Epigenetic aspects of lymphocyte antigen receptor gene rearrangement or ‘when stochasticity completes randomness’

Authors

  • Sébastien Jaeger,

    1. Centre d'Immunologie de Marseille-Luminy (CIML), Institut National de la Santé et de la Recherche Médicale (Inserm) U1104, Centre National de la Recherche Scientifique (CNRS)UMR7280, Aix-Marseille University UM2, Marseille, France
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  • Bastien Fernandez,

    1. Centre de Physique Théorique, CNRS, UMR 7332, Aix-Marseille University, Université de Toulon, Campus de Luminy, Marseille, France
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  • Pierre Ferrier

    Corresponding author
    • Centre d'Immunologie de Marseille-Luminy (CIML), Institut National de la Santé et de la Recherche Médicale (Inserm) U1104, Centre National de la Recherche Scientifique (CNRS)UMR7280, Aix-Marseille University UM2, Marseille, France
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Correspondence: Pierre Ferrier, Centre d'Immunologie de Marseille-Luminy, Parc Scientifique et Technologique de Luminy, Case 906, 13288 Marseille Cedex 09, France. Email: ferrier@ciml.univ-mrs.fr

Senior author: Pierre Ferrier

Summary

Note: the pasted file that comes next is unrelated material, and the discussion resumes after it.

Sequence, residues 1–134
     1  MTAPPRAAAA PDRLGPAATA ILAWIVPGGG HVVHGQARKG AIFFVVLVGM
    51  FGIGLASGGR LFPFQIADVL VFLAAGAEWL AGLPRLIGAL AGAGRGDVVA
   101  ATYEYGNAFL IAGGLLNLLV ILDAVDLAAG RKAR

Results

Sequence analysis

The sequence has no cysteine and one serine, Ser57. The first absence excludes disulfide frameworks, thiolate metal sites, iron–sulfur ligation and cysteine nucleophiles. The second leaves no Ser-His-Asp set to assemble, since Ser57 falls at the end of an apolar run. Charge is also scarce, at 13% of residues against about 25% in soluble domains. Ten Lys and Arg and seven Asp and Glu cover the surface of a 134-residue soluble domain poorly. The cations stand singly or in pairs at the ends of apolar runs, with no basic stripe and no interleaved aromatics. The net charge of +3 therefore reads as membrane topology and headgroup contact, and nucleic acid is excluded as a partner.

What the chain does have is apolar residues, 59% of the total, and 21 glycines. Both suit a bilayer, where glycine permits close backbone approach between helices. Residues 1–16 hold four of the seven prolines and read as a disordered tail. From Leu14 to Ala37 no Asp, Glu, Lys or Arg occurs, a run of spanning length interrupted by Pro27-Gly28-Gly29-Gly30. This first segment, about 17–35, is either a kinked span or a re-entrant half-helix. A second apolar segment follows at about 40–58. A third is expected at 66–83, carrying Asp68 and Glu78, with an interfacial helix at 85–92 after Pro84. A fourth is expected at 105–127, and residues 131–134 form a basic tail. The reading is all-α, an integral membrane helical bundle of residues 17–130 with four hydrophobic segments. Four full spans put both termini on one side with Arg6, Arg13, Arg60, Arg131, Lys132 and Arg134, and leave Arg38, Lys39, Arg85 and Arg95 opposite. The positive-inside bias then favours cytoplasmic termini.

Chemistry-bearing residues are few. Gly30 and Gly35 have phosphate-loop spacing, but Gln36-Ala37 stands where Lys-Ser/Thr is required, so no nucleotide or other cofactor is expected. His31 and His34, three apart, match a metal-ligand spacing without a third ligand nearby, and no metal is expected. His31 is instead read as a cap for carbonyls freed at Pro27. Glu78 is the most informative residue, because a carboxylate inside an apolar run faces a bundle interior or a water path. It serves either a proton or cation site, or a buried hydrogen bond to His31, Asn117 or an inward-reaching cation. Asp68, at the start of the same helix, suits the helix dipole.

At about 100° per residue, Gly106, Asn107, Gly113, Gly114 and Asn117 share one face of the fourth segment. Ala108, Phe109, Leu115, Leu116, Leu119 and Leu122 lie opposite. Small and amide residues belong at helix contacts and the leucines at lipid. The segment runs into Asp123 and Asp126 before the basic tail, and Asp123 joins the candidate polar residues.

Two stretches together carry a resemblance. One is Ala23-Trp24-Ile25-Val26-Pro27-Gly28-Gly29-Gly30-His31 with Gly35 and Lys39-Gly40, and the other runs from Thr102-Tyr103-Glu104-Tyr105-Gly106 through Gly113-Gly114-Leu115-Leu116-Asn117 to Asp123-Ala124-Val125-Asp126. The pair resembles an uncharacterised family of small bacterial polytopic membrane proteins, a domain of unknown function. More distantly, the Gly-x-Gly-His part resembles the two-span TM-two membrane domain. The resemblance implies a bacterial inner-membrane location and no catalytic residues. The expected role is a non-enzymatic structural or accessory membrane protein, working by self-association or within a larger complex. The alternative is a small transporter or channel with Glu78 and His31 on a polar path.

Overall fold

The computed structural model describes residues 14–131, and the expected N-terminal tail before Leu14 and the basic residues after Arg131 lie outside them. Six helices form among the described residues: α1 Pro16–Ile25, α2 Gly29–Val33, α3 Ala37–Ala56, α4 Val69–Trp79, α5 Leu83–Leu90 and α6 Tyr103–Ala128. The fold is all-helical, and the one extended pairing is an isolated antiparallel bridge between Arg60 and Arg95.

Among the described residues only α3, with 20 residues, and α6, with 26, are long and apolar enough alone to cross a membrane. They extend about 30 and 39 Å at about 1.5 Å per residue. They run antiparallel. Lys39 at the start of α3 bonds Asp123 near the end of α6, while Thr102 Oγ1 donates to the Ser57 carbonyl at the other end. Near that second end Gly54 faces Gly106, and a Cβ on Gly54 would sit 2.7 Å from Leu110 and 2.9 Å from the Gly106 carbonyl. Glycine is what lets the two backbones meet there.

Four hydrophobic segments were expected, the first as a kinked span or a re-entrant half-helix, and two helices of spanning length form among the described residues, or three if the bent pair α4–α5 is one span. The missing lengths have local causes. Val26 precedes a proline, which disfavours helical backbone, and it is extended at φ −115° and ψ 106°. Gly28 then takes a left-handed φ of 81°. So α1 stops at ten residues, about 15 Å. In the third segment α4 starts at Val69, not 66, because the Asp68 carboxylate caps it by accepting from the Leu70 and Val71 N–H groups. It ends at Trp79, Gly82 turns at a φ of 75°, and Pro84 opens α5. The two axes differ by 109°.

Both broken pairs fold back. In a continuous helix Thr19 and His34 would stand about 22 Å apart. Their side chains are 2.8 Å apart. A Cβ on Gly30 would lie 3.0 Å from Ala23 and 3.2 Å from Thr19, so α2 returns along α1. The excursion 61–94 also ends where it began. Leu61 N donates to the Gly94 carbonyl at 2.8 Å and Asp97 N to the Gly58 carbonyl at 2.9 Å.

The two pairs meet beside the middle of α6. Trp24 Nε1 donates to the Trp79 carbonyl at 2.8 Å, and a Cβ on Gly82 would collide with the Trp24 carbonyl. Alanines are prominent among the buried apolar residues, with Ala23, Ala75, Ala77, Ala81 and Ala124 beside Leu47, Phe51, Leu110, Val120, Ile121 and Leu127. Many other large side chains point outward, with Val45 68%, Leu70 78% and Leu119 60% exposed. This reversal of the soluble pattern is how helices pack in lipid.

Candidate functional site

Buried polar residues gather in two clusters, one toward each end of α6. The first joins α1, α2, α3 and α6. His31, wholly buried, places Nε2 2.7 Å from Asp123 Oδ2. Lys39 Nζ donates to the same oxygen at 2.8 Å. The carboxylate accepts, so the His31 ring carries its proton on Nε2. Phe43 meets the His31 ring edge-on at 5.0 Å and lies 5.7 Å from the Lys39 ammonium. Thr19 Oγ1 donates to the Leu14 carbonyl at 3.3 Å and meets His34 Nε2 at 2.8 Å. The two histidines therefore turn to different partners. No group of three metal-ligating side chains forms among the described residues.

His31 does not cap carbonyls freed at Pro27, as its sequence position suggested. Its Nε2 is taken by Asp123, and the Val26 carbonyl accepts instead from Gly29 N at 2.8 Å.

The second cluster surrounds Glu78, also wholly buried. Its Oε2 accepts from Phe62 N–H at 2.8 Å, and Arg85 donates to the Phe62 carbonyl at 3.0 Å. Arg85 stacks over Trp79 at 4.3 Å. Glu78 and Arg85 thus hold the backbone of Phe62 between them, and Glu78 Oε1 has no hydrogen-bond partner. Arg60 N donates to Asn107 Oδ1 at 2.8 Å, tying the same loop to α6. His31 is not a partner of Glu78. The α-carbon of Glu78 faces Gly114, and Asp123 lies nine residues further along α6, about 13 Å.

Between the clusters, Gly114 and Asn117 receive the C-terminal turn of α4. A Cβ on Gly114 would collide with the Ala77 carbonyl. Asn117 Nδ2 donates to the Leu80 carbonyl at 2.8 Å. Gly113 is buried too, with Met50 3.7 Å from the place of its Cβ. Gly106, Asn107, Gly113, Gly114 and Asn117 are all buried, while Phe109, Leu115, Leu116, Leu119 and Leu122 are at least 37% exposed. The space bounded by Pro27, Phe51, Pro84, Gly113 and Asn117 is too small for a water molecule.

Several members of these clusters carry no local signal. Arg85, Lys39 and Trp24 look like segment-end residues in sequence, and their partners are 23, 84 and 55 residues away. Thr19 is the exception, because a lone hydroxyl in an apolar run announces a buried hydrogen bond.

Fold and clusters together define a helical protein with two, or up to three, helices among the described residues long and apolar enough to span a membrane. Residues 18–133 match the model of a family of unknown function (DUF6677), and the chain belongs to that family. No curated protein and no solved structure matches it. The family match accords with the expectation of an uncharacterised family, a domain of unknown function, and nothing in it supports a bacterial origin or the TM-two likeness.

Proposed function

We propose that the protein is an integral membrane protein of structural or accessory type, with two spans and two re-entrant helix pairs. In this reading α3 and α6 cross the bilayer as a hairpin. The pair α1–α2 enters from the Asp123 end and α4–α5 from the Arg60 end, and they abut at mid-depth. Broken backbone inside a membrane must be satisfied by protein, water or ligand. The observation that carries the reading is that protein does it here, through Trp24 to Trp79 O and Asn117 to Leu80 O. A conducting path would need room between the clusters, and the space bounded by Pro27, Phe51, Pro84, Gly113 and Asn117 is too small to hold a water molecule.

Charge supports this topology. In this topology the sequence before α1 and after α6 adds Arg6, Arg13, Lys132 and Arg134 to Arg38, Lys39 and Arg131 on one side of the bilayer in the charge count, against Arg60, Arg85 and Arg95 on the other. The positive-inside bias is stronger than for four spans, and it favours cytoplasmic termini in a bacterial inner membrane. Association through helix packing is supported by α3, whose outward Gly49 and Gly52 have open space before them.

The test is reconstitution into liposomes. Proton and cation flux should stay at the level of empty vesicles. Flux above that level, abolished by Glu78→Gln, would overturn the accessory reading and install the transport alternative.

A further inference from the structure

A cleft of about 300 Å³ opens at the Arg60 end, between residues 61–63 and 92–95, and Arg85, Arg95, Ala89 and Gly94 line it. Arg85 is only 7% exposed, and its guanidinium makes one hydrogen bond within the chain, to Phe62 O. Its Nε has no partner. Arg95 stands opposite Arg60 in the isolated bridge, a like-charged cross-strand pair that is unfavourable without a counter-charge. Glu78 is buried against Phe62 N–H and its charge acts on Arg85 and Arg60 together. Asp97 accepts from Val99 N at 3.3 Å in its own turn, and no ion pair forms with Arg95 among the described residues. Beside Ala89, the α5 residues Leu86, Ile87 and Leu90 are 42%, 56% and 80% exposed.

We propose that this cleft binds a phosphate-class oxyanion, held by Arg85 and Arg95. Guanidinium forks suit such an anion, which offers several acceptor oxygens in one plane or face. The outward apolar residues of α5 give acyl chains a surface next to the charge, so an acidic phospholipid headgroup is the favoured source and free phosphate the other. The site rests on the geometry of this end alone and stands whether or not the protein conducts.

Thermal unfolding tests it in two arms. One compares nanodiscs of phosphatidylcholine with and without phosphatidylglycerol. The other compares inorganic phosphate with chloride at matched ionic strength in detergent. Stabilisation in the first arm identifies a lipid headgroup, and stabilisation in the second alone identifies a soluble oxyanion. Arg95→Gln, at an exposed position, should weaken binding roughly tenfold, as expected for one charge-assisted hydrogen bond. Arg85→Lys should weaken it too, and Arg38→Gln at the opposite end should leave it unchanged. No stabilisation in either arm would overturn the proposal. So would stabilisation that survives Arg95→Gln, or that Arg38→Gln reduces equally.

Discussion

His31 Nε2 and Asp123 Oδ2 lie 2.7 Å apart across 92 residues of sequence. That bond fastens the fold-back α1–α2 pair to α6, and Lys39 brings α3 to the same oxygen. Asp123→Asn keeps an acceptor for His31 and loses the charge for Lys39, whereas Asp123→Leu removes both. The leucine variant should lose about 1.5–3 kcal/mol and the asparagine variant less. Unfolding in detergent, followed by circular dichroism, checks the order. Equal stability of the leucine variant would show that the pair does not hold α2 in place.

To perform their specific functional role, B and T lymphocytes, cells of the adaptive immune system of jawed vertebrates, need to express one (and, preferably, only one) form of antigen receptor, i.e. the immunoglobulin or T-cell receptor (TCR), respectively. This end goal depends initially on a series of DNA cis-rearrangement events between randomly chosen units from separate clusters of V, D (at some immunoglobulin and TCR loci) and J gene segments, a biomolecular process collectively referred to as V(D)J recombination. V(D)J recombination takes place in immature T and B cells and relies on the so-called RAG nuclease, a site-specific DNA cleavage apparatus that corresponds to the lymphoid-specific moiety of the VDJ recombinase. At the genome level, this recombinase's mission presents substantial biochemical challenges. These relate to the huge distance between (some of) the gene segments that it eventually rearranges and the need to achieve cell-lineage-restricted and developmentally ordered routines with at times, mono-allelic versus bi-allelic discrimination. The entire process must be completed without any recombination errors, instigators of chromosome instability, translocation and, potentially, tumorigenesis. As expected, such a precisely choreographed and yet potentially risky process demands sophisticated controls; epigenetics demonstrates what is possible when calling upon its many facets. In this vignette, we will recall the evidence that almost from the start appeared to link the two topics, V(D)J recombination and epigenetics, before reviewing the latest advances in our knowledge of this joint venture.

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